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LFedewa

The Caravan(s) — What to do? Elmer says, “Honduras is Hell!”

By Dr. Larry Fedewa (October 27,2018)

Elmer and I were talking about the Caravan from Honduras. Elmer knows a lot about Honduras. His family migrated from Honduras to the United States when he was fifteen, and went through all the steps to citizenship, which was granted a few years later. Elmer now has his own business, employing three/four licensed plumbers, his wife (who runs the office), and a couple of apprentices. All are from Latin America, either citizens or on the way. Elmer voted for President Trump and intends to do so next time as well. But he doesn’t know what to do about the Caravan.        Keep Reading

The Khashoggi Matter — Was he really a “bad guy’?

President Donald Trump holds a sword and sways with traditional dancers during a welcome ceremony at Murabba Palace, Saturday, May 20, 2017, in Riyadh. (AP Photo/Evan Vucci)

By Dr. Larry Fedewa (October 21,2018)

British Journalist Melanie Phillips provides a different narrative of the final hours of Jamal Khashoggi in her Jewish News Service column (October 18, 2018).Far from being the liberal Washington Post opponent of revisionist Crown Prince Mohammed bin Salman (called MBS for short) because MBS’ reforms are too little too late, Phillips asserts that he was in reality a double agent with ties to both the radical Muslim Brotherhood and the Saudi intelligence service.

Of late, he had been straying off the beaten path by connecting with the Turkey/Qatar faction which opposes the Saudi/US/ Israel triad for leadership of Sunni Islam. In fact, he visited the Saudi embassy on that fateful day to secure Saudi government permission to marry his Turkish fiancé, who is a Turkish diplomat and daughter of a former advisor to Turkish President Erdogan.  Keep Reading

Guest Column: A/O Global Intelligence Weekly: The State of American Foreign Policy

The National Security Strategy as a Blueprint for the New Direction for America

By James S. Gilmore III, President and CEO, American Opportunity Foundation.   

As we have stated in previous essays, America today is in a world-wide conflict to determine how mankind will live in the years ahead.  This conflict engages all aspects of national power: military, economic, diplomatic, and the competition of values. Parts 1-5 of this series of essays can be accessed on online at American Opportunity.

Often we think of economics, defense, and diplomacy in separate categories or stovepipes. The truth is that all elements of national power work together to further the goal and mission of any national policy.  The Trump administration is seeking to align all parts of government activity toward one unified mission: the security and prosperity of the American people.

The new National Security Strategy (NSS) announced in December 2017 emphasizes the role of all parts of our country’s national policy working together.  The NSS reaches beyond traditional concepts of military preparedness, and combines all levels of the nation for national security. When the NSS is read, the initiatives of the Trump administration come into focus as a unified whole.  Keep Reading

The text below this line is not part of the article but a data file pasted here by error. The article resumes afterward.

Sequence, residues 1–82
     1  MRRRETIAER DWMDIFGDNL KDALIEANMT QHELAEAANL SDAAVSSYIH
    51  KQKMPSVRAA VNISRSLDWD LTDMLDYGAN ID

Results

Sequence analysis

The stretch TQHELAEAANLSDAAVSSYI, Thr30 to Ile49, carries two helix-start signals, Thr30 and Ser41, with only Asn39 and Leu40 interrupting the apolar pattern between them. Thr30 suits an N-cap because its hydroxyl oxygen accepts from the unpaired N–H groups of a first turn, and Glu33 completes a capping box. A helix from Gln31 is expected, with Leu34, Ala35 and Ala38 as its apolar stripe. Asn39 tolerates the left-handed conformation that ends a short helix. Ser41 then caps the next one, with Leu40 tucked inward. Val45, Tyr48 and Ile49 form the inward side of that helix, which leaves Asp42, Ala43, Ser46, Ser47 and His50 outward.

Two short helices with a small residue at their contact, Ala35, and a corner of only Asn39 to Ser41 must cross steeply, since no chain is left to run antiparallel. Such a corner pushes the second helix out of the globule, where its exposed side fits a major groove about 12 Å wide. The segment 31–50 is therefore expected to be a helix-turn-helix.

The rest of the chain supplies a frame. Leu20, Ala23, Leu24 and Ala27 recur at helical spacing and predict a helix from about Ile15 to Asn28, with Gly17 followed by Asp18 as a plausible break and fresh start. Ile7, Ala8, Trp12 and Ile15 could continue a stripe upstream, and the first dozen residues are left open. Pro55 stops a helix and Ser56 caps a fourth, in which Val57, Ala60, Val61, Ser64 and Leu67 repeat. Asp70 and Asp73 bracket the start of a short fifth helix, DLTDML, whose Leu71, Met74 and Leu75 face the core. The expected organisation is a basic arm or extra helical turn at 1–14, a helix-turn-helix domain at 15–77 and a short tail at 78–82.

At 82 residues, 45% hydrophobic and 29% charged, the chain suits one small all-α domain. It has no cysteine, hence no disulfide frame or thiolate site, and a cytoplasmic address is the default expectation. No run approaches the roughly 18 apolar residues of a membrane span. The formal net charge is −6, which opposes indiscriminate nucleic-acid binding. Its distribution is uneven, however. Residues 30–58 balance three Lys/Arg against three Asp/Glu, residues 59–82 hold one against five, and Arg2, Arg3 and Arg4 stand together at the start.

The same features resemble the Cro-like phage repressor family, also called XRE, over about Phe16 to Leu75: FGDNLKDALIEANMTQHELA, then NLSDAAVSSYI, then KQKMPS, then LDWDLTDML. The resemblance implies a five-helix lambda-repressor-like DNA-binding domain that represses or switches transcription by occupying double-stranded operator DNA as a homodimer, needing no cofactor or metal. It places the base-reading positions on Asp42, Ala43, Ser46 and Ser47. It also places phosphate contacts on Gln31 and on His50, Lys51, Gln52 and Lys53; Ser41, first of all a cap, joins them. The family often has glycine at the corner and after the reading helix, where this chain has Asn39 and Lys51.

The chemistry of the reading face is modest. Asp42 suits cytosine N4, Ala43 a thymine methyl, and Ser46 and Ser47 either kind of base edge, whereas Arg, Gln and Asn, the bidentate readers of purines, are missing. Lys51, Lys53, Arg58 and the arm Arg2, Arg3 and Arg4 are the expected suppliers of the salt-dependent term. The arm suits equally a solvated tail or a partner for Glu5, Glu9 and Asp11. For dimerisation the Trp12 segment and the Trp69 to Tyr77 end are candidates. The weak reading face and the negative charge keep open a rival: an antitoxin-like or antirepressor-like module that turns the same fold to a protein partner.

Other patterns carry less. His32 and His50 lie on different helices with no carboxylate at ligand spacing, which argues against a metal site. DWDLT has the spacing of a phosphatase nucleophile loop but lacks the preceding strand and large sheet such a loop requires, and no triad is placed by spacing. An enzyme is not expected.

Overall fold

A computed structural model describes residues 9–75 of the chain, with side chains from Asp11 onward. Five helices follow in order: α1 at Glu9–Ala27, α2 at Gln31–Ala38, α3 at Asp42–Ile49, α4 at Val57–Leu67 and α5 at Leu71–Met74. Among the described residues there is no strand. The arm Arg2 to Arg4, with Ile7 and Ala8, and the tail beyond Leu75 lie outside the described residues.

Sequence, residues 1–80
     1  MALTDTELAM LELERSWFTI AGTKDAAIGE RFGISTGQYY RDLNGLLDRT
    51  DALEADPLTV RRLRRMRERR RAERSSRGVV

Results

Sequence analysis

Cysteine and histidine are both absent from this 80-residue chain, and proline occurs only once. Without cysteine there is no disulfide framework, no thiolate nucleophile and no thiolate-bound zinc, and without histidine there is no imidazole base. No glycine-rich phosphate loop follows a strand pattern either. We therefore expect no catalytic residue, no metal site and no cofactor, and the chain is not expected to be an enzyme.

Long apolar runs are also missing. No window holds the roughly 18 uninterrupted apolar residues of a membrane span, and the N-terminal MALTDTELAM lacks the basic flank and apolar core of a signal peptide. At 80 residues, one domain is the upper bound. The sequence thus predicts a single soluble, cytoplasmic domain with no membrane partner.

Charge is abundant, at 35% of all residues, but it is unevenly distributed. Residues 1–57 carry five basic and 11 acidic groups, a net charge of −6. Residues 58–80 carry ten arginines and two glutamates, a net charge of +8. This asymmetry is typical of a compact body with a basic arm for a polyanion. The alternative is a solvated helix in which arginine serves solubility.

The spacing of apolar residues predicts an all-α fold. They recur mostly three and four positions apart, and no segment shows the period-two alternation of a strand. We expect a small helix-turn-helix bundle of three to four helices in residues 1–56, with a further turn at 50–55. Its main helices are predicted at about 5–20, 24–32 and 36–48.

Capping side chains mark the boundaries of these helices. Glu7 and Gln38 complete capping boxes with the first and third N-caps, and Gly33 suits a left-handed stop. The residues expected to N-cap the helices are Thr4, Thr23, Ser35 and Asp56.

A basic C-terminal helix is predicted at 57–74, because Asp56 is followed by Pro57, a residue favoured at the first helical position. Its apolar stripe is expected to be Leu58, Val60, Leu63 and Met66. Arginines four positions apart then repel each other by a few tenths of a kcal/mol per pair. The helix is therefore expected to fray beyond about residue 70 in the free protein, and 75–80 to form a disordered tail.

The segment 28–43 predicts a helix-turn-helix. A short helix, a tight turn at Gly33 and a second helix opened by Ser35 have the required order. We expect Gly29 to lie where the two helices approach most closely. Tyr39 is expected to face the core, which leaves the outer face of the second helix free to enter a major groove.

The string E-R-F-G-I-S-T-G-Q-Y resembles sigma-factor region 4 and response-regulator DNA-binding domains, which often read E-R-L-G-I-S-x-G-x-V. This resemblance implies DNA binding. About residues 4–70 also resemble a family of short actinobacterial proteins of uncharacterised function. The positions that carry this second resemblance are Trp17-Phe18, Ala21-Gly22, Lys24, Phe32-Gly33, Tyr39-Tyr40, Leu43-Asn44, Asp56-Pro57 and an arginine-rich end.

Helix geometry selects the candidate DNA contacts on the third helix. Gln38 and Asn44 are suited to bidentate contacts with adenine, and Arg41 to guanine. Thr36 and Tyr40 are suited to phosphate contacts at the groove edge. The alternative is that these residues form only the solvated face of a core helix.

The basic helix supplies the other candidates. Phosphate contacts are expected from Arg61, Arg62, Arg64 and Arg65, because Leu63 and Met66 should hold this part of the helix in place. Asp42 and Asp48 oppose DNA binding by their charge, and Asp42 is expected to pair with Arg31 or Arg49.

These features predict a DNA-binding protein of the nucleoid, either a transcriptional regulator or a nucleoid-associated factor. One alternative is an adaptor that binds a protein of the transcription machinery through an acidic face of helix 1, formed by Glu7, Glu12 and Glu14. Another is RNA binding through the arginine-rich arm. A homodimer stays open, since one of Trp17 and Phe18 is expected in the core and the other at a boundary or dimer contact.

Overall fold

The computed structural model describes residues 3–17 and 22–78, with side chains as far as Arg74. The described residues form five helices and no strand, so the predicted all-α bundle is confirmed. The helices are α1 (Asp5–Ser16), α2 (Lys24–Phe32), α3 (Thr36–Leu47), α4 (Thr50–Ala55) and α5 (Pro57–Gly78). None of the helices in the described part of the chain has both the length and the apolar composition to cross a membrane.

The Kavanaugh Case: Food for Thought

       It’s all about the the Constitution

                                                                                                                                                      Blind Justice                                                                  

 

 

By Dr. Larry Fedewa (October 7, 2018)

A couple of things from the Kavanaugh case stand out: 1) Judge Brett Kavanaugh is a supremely well qualified candidate for the Supreme Court – Irish temper notwithstanding, and 2) the Democrats have not changed tactics in challenging Supreme Court nominations in thirty years.

Borked” in 1987

On July 1, 1987, President Ronald Reagan nominated highly regarded Circuit Judge Robert Bork of the U.S. District of Columbia Court of Appeals for the vacant seat on the U.S. Supreme Court. forty-five minutes later, Democrat Senator Ted Kennedy took to the floor of the U.S. Senate and delivered a scathing condemnation of the nominee. The Chairman of the Senate Judiciary Committee for the Democrat majority was Joseph Biden (D-Delaware) who presided over a grueling and lengthy questioning of the nominee against a backdrop of  a highly personal and insulting news and advertising campaign. The nomination eventually lost both the committee and the full Senate votes. It was the first time in modern history that a nomination to the Supreme Court was treated in such a partisan and heated manner.

Thomas in 1991

The Bork nomination battle was dwarfed in intensity and insult, however, in 1991 when President George H. W. Bush nominated Judge Clarence Thomas to replace retiring Justice Thurgood Marshall on the Supreme Court. Thomas was in his 16th month as a federal judge and not as well-known or experienced as some other candidates had been. He was, however, known for his conservative interpretation of the law.                 Keep Reading

Is There a Trump Master Plan to Eliminate the National Debt?

by Dr. Larry Fedewa (September 29, 2018)

The Threat

The greatest threat to the long-term security of the United States of America is the $21 trillion (and growing) national debt. There are many possible outcomes of an uncontrolled national debt – none of them good.